One of the reasons why I still use Windows 7 is that I like its 3D transparent glass-like look and utterly hate the flat design of later versions which I would call soulless and ugly. And the UI elements are harder to distinguish for me.
That being said, many people do like it, and I am not aware of any studies about how many people like it / don't like / don't care in general.
Fortunately for us flat UI haters, that horrible design trend will go away the same way it came - as a fashion. Fashion by definition does not last. Sooner or later flat design will inevitability be considered old and unhip too.
People used to design for desktop first, then port to mobile as an afterthought. Originally, there was only desktop, and mobile was a completely different and separate thing. Then mobile got more capable, and by necessity (since everything was designed for desktop) mobile tried to be a small desktop.
Mobile was limited, and trying to be a small desktop didn't work out that well. So people switched gears and said "Well, let's treat everything as mobile first, and let desktop adapt because it's more powerful." So we began the mobile-first trend.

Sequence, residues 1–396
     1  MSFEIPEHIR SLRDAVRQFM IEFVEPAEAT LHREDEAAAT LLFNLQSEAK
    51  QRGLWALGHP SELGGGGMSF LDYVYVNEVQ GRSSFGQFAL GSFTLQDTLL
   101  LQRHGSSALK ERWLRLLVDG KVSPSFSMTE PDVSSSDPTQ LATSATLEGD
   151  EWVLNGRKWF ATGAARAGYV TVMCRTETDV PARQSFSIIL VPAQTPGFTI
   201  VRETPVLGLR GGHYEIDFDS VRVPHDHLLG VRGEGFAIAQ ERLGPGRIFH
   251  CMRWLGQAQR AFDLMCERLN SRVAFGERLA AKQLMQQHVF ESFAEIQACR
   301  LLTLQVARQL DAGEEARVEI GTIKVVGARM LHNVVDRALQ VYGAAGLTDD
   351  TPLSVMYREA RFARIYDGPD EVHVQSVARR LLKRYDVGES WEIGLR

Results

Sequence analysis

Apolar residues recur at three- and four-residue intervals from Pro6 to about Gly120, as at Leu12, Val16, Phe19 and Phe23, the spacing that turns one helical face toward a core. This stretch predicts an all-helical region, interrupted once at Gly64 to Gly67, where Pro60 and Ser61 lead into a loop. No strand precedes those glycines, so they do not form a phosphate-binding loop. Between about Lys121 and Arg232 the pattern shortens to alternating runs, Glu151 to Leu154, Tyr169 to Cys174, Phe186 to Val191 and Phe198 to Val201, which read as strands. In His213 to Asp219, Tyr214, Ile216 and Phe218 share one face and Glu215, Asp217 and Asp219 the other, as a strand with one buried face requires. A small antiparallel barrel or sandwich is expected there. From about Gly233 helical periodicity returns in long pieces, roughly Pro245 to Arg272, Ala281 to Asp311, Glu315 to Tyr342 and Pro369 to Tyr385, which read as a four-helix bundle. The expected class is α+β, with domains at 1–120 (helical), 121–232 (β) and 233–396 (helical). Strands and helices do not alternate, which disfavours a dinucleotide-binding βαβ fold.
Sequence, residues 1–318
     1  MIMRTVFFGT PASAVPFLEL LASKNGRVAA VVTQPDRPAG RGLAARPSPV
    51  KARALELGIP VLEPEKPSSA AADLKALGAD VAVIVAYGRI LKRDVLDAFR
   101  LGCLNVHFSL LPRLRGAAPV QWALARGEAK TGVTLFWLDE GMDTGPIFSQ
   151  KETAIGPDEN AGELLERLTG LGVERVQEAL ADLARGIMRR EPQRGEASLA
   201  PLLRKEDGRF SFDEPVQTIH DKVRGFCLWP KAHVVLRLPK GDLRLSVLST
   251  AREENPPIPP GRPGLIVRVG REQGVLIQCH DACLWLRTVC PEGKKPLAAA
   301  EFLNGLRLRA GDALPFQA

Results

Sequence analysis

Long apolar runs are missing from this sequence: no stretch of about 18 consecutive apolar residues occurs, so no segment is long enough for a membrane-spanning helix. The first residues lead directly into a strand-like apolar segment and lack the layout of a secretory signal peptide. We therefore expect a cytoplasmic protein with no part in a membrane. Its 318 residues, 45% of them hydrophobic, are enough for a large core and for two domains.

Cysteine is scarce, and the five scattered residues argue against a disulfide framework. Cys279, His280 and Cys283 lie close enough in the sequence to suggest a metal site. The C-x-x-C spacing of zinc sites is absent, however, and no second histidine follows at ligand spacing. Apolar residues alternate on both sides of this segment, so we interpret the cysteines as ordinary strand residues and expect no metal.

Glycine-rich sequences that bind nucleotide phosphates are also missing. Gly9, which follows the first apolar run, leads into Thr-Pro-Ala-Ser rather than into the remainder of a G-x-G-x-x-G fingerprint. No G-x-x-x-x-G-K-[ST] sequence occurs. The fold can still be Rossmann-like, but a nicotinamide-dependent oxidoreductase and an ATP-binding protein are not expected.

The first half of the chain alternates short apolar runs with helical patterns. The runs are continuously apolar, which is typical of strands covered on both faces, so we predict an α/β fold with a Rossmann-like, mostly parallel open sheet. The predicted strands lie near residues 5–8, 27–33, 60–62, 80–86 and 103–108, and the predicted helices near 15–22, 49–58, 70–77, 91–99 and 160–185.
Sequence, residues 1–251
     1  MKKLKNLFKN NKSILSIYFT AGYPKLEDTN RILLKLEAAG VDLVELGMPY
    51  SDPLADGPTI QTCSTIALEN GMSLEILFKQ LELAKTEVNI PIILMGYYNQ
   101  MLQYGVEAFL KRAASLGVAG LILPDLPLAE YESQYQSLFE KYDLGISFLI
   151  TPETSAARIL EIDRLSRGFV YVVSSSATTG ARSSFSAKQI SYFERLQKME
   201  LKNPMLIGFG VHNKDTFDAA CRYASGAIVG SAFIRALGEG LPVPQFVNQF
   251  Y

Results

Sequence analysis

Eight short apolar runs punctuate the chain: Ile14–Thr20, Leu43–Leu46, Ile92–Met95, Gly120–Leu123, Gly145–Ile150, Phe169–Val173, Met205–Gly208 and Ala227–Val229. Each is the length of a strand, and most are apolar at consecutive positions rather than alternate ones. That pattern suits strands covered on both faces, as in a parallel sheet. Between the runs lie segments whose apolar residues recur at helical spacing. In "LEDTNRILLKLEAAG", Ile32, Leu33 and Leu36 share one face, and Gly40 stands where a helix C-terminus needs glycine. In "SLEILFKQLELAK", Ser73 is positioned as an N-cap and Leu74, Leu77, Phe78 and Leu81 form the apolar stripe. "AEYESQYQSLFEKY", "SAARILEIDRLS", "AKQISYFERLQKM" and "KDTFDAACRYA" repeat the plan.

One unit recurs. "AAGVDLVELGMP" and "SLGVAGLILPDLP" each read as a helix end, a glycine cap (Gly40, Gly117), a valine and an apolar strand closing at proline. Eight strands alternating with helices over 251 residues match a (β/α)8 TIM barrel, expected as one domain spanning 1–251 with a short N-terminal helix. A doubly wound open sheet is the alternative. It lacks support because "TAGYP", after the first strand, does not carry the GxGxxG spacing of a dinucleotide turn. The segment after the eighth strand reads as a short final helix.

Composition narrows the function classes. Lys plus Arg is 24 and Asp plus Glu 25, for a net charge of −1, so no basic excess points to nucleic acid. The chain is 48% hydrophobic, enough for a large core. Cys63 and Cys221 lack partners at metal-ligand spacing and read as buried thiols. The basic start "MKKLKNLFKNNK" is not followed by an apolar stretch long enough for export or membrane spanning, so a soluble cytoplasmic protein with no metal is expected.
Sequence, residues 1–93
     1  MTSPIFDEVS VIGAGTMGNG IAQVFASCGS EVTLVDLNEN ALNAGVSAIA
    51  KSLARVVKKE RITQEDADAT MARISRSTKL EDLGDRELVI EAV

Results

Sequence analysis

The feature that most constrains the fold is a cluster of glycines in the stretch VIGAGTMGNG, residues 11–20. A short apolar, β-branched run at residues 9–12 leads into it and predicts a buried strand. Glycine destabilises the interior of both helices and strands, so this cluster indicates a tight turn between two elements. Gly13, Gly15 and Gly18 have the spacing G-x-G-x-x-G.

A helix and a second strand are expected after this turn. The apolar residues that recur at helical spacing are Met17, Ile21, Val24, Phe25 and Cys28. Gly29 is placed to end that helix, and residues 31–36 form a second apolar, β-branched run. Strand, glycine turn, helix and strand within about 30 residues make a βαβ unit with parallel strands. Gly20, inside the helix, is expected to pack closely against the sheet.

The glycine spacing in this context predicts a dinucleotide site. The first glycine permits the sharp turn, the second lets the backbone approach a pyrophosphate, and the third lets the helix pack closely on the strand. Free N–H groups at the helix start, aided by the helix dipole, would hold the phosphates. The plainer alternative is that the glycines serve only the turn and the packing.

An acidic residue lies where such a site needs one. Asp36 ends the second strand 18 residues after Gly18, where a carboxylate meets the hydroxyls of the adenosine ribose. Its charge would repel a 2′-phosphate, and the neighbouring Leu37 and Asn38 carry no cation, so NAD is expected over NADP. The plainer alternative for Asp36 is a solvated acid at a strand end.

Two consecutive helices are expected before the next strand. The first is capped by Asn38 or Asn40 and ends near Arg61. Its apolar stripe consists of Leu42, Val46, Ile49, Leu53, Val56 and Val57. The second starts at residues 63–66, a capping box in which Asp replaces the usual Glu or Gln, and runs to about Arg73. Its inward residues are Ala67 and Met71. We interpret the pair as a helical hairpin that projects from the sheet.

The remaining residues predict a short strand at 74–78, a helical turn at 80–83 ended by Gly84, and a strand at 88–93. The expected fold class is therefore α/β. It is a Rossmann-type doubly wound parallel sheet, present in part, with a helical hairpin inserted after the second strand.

But in the meantime mobile has gotten much more powerful and less limited; today many mobile devices have higher resolution and more powerful cpus than the old desktops had. The screens have also gotten a lot larger than they were when mobile-first started.
So, I think we'll either wind up with a "tablet-first" trend, designing for the middle-ground and making both the smaller mobile and larger desktop adapt, or we'll go back to recognizing that mobile, tablet, and desktop needs are different and we'll design accordingly for each, but now with a better understanding and better toolset for minimizing the redundancy that can occur with split designs.
On the other side of the spectrum, plenty focus too much on being neat and consistent that they become greyish, bland and sacrifice usability. Good ones use colours, shadows and placements wisely so that navigation does feel lighter and the experience is more content-focused.
Excellent ones do all that but without burdening the audience with that nasty aftertaste of pretentiousness.
Learn the rules, then break the ones you can't agree with. It's the designer's privilege to be able to do this more often than developers can ;)
I'd really love it if MS embraced shell skins. There are so many great ones, but I hesitate to jump through all the hoops to make them work.